Recently, the Croatian government presented a summary of the National Recovery and Resilience Plan. This document is crucial for obtaining 49,08 billion kuna (6,5 billion Euros) from the EU Recovery and Resilience Facility to overcome the consequences of the Covid-19 pandemic and of earthquakes which hit Croatia last year.
Croatia is expected to receive a good wealth of EU funds in the coming years. However, the strategic priorities doesn't appear very bold and clear, and the plan for the use of the Recovery Fund is not ready yet.
Average temperatures are rising more and more in the Zagreb region, while snow cover is decreasing year after year. However, Jagoda Munić, Director of Friends of the Earth Europe says that “Croatia is a very passive observer of developments around the European Green Deal.”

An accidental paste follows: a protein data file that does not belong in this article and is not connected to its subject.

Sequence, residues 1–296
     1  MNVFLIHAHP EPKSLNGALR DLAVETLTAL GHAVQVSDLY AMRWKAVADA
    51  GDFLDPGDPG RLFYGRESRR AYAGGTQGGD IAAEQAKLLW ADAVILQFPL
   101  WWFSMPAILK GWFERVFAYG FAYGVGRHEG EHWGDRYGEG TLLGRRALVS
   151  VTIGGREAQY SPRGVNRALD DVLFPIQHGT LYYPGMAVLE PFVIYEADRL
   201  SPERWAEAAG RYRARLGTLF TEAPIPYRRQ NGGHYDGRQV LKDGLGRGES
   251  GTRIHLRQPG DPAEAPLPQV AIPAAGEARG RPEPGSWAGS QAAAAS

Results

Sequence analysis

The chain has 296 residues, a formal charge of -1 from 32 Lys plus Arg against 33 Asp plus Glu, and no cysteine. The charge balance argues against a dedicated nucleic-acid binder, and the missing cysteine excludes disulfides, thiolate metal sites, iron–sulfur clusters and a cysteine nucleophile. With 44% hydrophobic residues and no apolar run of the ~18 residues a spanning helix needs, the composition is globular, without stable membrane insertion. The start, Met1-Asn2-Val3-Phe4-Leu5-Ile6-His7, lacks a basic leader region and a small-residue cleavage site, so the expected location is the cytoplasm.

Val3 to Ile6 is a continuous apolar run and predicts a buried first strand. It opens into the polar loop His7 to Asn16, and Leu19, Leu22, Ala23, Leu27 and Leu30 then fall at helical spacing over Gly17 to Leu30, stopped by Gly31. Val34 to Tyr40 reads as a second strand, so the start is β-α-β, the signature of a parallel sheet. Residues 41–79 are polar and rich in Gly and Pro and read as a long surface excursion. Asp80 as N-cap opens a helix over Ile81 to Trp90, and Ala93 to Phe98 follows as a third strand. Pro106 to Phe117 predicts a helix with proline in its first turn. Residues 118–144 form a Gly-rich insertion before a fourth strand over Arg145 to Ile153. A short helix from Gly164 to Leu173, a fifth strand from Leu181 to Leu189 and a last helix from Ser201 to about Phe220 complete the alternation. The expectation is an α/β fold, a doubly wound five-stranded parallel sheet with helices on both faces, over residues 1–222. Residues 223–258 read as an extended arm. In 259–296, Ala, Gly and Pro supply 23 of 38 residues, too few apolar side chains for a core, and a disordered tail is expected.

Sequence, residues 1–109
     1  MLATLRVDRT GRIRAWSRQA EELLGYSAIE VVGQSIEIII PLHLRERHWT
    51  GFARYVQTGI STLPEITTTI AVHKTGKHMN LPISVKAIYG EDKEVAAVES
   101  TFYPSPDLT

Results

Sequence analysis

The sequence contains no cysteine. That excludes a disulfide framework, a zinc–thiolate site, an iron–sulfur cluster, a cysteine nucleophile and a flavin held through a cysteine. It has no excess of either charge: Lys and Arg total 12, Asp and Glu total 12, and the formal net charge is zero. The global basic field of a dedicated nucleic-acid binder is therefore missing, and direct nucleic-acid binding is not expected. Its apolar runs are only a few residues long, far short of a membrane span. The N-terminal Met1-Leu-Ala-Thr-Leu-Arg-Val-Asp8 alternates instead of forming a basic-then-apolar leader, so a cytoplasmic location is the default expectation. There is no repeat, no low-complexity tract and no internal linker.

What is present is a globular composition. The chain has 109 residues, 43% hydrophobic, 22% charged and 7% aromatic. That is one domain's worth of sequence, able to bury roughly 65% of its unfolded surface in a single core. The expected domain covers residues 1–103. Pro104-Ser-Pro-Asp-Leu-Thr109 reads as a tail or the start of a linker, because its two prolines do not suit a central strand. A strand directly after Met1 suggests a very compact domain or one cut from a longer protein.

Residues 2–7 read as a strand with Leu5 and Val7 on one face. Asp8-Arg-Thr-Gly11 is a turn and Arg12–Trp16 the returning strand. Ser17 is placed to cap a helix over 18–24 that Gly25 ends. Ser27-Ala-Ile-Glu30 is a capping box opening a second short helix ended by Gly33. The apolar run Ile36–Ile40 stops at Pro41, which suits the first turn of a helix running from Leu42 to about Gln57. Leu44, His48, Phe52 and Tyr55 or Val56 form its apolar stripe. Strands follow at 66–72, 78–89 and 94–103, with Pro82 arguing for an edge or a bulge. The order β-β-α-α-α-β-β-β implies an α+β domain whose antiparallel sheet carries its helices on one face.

Within the next two or three years, Croatia will enter the Eurozone, with the euro becoming the country’s official currency. Entry is expected to have an impact on both foreign trade and society at large, coming with increasing constraints and opportunities.
According to researchers from the Croatian Institute of Public Finance, even if the health crisis improves very quickly, a difficult year lies ahead for the country.